LightBox conducts a bi-annual industry-wide survey to help us understand how our clients feel about the business landscape and to reveal their expectations for the future. The recently published Fall 2022 Investor Sentiment Report has some eye-opening conclusions. Michael Griffin, managing director of broker solutions at LightBox, recently hosted a LinkedIn Live event on October 27, 2022, with industry experts to discuss the sentiment report and current trends. He was joined by Dianne Croker, principal analyst at LightBox; Sean Fulp, vice chair and head of office capital markets at Colliers; Laura Nguyen, director of investor relations and marketing at Sentinel Net Lease; and Jeffrey Cole, executive vice chairman, capital markets group at Cushman & Wakefield.
Below are some highlights from their live conversation:
Dianne Crocker: Market conditions shifted dramatically from predictions made earlier this year. The third quarter marked a turning point in market confidence, reflecting the abrupt increase in interest rates. Many of our clients saw a decline in their third-quarter business activity. There’s certainly more caution in the market than optimism. One thing that surprised me in the report is that respondents were more concerned about the balance of 2022 than with what lies ahead in 2023. That suggests that we’re seeing a short term tap on the brakes as opposed to something more worrisome and long term.
Sean Fulp: Companies are starting to make decisions about the workspace, but we still need more clarity. The key word is flexibility. We’re seeing flex schedules, hybrid work models, and companies using flex space—they might use office space one way on Monday, and a completely different way on Wednesday. That’s going to change how offices are designed. I see it as an evolution. There’s going to be disruption, and a lot of expense to reinvent the way offices work, but I think the future of the office segment is promising.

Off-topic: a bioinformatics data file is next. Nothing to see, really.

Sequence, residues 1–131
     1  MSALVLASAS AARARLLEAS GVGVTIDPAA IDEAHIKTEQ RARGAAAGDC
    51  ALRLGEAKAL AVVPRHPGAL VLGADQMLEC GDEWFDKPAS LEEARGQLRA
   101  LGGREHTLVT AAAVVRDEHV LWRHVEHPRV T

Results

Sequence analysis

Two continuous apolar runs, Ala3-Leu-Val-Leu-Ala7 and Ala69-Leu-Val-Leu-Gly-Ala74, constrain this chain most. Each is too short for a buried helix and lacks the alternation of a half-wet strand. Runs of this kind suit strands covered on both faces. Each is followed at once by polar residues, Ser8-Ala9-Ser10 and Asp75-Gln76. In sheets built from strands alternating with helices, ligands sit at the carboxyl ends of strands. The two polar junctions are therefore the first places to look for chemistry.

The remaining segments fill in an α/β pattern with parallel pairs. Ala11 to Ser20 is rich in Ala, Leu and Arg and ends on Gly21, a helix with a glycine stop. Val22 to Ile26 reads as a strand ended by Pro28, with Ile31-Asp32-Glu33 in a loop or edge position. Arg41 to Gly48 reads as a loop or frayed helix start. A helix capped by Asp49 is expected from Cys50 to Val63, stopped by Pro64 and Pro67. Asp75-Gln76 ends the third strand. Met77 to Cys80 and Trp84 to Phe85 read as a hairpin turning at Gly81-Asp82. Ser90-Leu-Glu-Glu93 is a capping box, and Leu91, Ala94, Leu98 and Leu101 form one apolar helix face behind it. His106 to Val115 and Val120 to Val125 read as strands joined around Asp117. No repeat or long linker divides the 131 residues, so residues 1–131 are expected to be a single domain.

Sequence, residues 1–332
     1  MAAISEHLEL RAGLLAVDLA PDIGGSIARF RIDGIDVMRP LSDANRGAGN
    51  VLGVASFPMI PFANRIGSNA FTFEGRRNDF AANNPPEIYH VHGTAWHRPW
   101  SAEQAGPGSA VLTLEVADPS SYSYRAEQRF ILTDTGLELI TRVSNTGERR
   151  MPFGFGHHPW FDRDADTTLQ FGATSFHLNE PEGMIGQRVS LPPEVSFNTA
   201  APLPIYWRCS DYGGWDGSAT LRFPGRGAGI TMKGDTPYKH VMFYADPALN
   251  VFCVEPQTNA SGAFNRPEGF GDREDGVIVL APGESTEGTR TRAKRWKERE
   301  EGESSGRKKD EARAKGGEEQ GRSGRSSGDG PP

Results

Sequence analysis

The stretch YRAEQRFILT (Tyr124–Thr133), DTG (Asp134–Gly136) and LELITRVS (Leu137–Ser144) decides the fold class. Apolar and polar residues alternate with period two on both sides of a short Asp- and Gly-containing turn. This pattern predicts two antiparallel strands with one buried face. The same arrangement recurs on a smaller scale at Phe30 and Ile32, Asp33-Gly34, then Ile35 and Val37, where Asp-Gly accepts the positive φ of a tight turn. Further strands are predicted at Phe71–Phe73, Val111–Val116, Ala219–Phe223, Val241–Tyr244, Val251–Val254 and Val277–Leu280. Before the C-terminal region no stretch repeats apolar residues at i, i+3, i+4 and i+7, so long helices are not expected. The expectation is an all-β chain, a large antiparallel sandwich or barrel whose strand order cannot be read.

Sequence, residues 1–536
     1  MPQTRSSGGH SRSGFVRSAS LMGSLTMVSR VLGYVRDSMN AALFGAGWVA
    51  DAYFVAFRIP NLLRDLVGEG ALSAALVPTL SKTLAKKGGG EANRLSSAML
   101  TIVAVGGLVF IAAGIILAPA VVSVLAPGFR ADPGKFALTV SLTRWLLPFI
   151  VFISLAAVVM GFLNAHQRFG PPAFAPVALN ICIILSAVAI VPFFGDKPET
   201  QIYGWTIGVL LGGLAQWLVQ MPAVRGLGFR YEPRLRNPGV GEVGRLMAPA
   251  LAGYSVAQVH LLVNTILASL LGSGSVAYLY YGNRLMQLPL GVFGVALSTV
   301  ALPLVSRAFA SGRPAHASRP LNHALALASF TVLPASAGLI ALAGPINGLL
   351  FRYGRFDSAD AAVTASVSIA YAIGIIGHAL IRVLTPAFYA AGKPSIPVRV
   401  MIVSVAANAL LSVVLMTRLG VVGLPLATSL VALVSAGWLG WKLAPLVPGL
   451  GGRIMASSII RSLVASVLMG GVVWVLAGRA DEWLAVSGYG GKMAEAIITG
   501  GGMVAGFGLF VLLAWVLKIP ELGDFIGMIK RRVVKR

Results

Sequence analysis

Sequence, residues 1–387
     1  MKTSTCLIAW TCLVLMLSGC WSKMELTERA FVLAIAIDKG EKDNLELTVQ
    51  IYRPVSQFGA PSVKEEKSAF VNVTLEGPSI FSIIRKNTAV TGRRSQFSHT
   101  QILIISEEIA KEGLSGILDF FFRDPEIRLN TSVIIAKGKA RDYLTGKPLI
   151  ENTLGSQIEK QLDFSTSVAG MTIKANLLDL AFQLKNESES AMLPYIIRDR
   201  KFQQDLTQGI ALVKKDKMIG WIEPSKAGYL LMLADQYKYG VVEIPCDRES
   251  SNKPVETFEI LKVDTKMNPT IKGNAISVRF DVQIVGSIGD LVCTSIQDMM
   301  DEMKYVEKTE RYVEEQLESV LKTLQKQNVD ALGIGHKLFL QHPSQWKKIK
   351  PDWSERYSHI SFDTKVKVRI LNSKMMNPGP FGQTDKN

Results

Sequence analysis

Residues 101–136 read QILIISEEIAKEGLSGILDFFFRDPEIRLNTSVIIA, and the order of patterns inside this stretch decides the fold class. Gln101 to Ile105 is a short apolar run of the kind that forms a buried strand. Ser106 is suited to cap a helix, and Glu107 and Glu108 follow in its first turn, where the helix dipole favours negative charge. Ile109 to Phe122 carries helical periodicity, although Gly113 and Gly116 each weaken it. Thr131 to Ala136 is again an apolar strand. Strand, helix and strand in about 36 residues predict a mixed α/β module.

In the Midwest, some offices in high-density urban areas were vacating completely, but in others, employees were still coming in three days a week. Some areas, such as Florida, never had vacancies. We’re starting to see leases coming due for renewal that give tenants an option to renegotiate should their needs have changed. And because of the new ways employees are working, firms are looking for less space, improvements to lobbies, or other amenities for their staffs.
Jeffrey Cole: Institutional investors are increasingly aware of economic concerns. Investors are deferring on long-term leased assets with annual increases. On the West Coast during the past 120 days, long-term single-tenant lease assets have been hit with about a 150 basis-point rate increase—and that’s significant. The important thing about industrial versus office is that industrial markets are fundamentally still performing strongly. Almost every major market in the West Coast has historically low vacancy, yet they’re seeing strong absorption and rising rental rights. I would say industrial is still relatively attractive, especially short-term rollover projects.